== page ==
Environmentally sustainable construction is the key to Dubai’s long-term maritime success, according to a senior executive of Dubai Maritime City, the world’s first purpose-built maritime centre and part of the Dubai World group of companies.
“Dubai is leading the world in coastal developments, which is why regional developers must set an example by leveraging the most cutting-edge research and technologies to engineer developments that protect our coastlines,” said Amer Ali in a statement yesterday.
“Environmentally sustainable construction, in terms of land and infrastructure development, is the key element of Dubai’s long-term maritime success as it will distinguish the city as a sophisticated maritime location that addresses pertinent global issues.
“As the world’s largest maritime centre, Dubai Maritime City is playing a key role in the transformation of Dubai into one of the world’s most competitive clusters, which is why we are supporting the research, development and discussions that uphold the well-being of our coastline.
“We are also proud to be one of the first developments in Dubai to instruct all developers, contractors and consultants to follow green building principles during construction, to protect the environment and natural resources, as well as to provide suitable surroundings that boost productivity and guarantee optimised living and working conditions to ensure short and long-term investment returns,” said Ali.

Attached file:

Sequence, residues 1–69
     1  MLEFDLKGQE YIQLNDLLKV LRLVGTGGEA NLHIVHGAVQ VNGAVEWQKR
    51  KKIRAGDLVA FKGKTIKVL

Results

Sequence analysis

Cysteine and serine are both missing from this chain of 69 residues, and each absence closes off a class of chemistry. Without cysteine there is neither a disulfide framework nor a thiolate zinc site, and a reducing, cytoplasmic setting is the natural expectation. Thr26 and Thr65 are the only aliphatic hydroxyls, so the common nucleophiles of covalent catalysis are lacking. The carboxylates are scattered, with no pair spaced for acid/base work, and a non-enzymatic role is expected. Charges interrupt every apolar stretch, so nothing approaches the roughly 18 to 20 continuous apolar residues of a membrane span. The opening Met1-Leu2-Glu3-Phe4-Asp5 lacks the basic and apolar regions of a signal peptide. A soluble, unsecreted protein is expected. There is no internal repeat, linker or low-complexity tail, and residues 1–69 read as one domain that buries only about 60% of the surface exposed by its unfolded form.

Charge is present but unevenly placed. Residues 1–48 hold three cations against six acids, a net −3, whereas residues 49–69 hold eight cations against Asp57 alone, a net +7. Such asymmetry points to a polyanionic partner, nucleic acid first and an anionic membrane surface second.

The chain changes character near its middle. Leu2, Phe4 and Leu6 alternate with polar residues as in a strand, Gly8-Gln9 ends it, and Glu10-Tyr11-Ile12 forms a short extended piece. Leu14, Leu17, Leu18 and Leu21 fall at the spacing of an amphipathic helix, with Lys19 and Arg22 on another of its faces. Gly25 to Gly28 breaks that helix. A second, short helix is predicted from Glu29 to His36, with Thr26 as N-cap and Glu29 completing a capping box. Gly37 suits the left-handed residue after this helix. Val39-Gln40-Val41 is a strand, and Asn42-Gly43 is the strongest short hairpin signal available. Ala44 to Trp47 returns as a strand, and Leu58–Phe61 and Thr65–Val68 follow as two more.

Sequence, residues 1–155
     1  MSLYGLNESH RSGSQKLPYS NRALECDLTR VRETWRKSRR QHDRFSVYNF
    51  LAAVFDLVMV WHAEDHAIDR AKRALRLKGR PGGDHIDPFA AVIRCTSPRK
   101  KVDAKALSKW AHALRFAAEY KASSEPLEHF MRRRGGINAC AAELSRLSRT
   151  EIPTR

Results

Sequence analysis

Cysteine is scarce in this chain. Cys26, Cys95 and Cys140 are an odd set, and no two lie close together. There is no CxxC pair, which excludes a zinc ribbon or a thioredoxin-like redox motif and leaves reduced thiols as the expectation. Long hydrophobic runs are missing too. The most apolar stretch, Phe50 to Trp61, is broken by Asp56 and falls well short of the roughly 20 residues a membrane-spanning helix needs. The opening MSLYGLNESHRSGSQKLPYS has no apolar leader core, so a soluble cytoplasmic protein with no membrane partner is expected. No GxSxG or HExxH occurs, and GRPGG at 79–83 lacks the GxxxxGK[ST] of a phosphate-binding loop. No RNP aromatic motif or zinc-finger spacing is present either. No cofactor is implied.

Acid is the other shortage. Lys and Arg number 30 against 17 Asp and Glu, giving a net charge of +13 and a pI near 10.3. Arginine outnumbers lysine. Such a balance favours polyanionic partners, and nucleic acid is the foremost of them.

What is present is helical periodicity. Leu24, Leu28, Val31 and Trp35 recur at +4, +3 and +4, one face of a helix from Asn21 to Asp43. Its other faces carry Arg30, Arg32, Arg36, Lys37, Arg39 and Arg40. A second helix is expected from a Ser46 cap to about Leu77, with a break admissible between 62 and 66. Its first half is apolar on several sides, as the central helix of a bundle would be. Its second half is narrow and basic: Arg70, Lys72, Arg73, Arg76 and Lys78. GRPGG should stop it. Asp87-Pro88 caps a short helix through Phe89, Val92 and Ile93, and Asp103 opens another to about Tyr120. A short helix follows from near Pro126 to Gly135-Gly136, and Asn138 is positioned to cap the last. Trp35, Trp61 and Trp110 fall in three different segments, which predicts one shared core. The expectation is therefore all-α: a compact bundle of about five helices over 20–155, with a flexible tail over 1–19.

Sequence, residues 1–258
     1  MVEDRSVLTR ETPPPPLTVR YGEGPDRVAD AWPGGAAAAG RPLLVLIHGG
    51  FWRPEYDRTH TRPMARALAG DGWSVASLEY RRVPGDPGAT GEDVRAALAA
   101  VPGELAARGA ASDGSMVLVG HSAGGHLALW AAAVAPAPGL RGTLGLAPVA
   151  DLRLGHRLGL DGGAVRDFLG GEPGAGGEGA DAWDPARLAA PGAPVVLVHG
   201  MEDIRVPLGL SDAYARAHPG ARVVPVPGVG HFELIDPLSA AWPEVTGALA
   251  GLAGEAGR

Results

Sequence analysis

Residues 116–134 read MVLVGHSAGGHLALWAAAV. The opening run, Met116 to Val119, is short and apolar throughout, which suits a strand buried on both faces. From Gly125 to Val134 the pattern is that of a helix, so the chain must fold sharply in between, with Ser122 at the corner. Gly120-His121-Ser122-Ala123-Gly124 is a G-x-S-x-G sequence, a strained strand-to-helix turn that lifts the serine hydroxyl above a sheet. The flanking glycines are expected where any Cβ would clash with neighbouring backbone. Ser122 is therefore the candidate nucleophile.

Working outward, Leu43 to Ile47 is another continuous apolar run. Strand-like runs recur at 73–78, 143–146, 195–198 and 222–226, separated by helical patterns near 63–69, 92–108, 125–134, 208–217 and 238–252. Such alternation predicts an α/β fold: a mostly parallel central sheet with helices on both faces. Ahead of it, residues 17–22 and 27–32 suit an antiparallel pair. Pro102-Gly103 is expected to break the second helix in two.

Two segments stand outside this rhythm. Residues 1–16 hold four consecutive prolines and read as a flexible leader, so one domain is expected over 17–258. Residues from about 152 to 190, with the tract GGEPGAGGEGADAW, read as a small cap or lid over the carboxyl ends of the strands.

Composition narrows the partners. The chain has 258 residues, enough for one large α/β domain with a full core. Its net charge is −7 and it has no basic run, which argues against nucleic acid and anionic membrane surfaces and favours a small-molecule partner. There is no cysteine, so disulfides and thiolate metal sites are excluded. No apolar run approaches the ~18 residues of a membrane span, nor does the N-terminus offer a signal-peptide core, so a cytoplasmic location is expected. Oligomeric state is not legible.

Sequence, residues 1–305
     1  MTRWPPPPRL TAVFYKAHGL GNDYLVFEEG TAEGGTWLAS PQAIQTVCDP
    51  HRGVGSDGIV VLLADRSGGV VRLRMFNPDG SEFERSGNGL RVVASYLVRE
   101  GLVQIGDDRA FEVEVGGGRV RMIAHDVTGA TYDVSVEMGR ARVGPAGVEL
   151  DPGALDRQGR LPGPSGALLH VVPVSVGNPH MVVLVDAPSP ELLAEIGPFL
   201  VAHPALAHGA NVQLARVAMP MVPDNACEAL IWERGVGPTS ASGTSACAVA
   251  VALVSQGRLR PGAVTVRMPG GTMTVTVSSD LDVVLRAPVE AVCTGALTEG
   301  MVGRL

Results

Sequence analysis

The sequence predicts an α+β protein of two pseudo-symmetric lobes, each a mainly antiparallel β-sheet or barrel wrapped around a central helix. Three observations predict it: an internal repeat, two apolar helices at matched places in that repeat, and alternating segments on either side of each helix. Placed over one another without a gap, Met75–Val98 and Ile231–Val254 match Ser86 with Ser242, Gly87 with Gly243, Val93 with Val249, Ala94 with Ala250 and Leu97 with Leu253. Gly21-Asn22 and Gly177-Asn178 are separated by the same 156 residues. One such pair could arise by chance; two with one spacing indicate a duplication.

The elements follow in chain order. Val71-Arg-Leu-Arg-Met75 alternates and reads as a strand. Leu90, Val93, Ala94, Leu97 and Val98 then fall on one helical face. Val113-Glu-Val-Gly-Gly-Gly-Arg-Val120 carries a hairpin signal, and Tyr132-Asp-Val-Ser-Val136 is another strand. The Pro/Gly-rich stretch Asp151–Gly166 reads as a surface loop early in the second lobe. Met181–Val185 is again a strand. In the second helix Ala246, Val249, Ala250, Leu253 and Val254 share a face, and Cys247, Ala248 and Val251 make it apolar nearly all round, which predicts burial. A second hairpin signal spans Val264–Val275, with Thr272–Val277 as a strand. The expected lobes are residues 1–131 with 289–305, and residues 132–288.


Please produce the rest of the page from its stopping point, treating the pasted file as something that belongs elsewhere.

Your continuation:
Maritime City is the silver sponsor of the seventh International Conference on Coastal and Port Engineering in Developing Countries (PIANC-COPEDEC VII), slated to run from February 24 to 28.
More than 1,000 of the world’s top maritime scientists, engineers and coastal managers will convene at the event, tackling issues relating to Dubai’s coastal developments, including Dubai Creek’s marine environment issues; coastal modelling of the Dubai coastline; the generic impact of large-scale constructions on the shoreline and port expansion.
The Conference, with the theme ‘Best Practices in the Coastal Environment’ will discuss 226 papers from 14 countries relating to coastal and port infrastructure engineering and ports and even marina management and planning.
Call for eco-friendly coast developments